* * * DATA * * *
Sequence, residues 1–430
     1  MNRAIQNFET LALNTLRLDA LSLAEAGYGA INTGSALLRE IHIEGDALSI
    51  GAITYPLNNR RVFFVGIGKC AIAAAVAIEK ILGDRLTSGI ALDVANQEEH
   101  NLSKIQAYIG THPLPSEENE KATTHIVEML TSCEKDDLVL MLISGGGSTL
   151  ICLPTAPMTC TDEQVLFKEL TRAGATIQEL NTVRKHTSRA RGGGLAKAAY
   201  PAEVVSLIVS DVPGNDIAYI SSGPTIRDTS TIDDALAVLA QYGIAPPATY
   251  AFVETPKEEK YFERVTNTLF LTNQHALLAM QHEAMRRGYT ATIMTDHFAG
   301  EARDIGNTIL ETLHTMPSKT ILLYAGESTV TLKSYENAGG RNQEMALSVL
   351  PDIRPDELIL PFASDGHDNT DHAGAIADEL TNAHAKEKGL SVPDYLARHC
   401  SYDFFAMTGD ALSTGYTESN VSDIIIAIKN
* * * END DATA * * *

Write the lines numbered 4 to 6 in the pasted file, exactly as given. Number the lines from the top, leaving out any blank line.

   101  NLSKIQAYIG THPLPSEENE KATTHIVEML TSCEKDDLVL MLISGGGSTL
   151  ICLPTAPMTC TDEQVLFKEL TRAGATIQEL NTVRKHTSRA RGGGLAKAAY
   201  PAEVVSLIVS DVPGNDIAYI SSGPTIRDTS TIDDALAVLA QYGIAPPATY